Sustainability Careers: A Beginner’s Guide

Sustainability Careers A Beginner’s Guide 625x350


Over the past couple of years, a culmination of political, public, corporate, and governmental interest and will has created exponential growth in the sustainability market. This trend has catalysed increased demand for sustainability services, creating new roles as companies get to grips with lofty targets and new metrics. However, the market is yet to catch up in terms of it’s supply for this demand with experiential disparities between experienced candidates and new candidates struggling to get a solid foot hold on what the market wants.

All is not lost – here's a short summary of what can help experienced and new professionals master the sustainability markets. These tips may also be beneficial to employers too!

Do some research 

Read job specs, look up companies, read blog posts and reach out to people on LinkedIn. Speak to a specialist recruiter, believe it or not, they see a lot of what goes on in this space and would love to chat with you about your job search and what to expect in the market. All of this will allow you to understand WHAT it is that an ESG Manager does day to day. This will help you tailor your search and prioritise accordingly.


There is a plethora of short courses, diplomas, and secondments you could do to upskill yourself in sustainability. These evidence your commitment to future employers and will give you a better grasp of the topics in that space.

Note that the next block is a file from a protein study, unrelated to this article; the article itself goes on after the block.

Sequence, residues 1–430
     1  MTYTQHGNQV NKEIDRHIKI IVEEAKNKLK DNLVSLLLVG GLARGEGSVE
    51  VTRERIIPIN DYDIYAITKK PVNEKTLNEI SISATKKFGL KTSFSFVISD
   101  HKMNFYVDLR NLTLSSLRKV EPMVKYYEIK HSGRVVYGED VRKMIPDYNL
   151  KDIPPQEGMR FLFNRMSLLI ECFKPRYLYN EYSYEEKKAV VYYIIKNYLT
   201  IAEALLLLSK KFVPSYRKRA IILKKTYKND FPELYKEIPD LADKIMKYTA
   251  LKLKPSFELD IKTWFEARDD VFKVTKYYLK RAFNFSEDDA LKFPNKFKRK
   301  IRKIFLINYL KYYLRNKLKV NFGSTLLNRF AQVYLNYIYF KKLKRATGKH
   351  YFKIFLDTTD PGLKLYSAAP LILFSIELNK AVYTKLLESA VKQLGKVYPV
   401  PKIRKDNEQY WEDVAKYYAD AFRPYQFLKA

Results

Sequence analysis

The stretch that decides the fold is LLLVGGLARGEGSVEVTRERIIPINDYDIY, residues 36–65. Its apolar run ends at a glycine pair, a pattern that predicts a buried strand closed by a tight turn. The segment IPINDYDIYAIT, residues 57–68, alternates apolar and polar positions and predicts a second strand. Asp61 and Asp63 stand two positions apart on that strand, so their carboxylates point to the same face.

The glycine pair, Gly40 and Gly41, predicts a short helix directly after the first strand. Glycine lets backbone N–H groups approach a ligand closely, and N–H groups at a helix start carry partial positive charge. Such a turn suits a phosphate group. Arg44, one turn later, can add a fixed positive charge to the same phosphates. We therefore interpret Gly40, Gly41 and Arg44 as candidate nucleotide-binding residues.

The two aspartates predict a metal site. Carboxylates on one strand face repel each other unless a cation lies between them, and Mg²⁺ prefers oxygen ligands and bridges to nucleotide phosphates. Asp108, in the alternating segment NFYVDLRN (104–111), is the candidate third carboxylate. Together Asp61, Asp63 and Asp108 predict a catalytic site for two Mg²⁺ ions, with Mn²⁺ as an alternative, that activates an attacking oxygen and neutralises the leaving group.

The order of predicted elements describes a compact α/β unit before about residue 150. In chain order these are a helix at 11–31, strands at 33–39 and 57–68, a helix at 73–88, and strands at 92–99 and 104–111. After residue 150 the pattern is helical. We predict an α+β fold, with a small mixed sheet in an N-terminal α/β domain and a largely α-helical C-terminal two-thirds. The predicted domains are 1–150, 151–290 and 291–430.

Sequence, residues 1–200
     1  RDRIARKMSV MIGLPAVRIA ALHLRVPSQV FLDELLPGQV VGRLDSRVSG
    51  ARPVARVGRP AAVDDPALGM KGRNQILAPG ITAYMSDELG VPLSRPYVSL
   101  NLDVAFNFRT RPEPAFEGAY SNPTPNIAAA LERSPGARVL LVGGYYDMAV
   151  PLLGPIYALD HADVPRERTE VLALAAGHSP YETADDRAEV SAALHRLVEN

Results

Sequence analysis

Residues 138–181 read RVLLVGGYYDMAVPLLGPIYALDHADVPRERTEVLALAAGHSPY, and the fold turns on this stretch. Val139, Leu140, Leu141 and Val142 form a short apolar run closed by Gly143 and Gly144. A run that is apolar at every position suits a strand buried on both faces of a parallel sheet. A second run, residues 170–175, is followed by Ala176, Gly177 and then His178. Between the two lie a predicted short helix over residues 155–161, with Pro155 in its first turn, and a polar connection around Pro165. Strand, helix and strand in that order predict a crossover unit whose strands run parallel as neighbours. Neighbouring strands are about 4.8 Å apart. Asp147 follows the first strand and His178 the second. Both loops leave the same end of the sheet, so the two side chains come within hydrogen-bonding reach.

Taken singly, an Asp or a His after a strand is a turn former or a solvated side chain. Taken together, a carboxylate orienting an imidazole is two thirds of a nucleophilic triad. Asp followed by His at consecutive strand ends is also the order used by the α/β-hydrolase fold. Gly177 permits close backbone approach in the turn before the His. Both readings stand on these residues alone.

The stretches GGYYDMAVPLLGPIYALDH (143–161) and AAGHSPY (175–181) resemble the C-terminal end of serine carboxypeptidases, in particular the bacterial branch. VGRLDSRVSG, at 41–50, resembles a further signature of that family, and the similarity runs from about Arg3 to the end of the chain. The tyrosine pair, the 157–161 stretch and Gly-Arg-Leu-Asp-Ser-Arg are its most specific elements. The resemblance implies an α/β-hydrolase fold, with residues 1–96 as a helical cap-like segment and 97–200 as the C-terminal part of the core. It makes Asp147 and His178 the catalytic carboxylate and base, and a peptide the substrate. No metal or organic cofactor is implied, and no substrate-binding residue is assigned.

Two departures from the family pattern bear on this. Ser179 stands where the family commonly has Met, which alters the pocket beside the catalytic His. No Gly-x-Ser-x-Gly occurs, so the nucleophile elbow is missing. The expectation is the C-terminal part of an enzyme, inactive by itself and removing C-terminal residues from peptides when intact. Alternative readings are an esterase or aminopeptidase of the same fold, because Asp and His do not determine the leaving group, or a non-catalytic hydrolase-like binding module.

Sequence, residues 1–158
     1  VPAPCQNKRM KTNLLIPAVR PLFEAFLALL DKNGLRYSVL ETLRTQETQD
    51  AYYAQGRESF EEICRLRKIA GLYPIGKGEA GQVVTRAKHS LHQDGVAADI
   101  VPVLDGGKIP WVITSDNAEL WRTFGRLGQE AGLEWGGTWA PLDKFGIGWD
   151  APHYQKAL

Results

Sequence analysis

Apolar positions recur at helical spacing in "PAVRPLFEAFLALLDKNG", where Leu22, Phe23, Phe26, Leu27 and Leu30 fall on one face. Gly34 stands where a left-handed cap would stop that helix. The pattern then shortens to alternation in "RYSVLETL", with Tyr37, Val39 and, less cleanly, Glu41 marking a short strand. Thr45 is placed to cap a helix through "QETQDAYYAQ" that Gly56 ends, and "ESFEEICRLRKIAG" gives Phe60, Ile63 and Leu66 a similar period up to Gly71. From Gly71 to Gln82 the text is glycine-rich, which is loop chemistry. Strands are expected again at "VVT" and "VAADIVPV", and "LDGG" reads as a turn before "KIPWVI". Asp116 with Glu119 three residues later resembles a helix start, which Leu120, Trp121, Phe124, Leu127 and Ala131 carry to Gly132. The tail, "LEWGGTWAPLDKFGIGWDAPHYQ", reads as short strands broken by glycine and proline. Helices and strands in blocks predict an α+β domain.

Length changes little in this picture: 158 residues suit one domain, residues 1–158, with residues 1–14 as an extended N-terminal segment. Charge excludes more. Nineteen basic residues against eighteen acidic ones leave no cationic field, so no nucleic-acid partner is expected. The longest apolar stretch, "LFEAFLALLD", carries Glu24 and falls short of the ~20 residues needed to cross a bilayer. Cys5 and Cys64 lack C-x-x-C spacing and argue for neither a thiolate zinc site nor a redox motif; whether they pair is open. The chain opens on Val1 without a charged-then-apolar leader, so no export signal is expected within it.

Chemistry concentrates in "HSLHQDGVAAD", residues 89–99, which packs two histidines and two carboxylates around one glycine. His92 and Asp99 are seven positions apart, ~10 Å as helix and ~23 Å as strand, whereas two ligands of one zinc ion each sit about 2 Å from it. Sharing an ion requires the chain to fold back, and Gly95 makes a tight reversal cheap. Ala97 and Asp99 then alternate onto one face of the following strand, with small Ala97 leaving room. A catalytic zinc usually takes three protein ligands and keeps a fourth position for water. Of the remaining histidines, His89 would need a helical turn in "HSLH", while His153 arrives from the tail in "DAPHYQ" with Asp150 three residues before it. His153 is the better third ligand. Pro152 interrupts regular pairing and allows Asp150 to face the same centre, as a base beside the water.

Be values driven

The sustainability space can be complex and being led by your passions will make any upskilling you may need to do interesting and rewarding, rather than being a chore. Your values will also guide you to where you want to be within the sustainability matrix.

Be intentional

Reflect on your strengths, weaknesses, and anything in between. Knowing what you want from your next role and knowing where your strengths lie and what transferrable skills you have make a job search 100x easier. Any interviews or conversations you have, reflect, and take stock of your learning along the way – this will be an iterative process.

Be flexible

Transitioning into any new industry will require a slight change of trajectory, whether that be in terms of salary or responsibility. Prioritise long term progression over short term gain and be open minded.

Be honest

Face your skills/knowledge gaps head on and be solutions focused on how you intend to deal with those and the challenges they might present. This holds true even in an interview, facing what you can’t YET do is a great skill – employers value that a lot.

Be patient

The sustainability field is professionalising so rapidly that new jobs are being created every day and so many companies are expanding their sustainability teams. The right job is out there, just be patient and resilient.

Best of luck!


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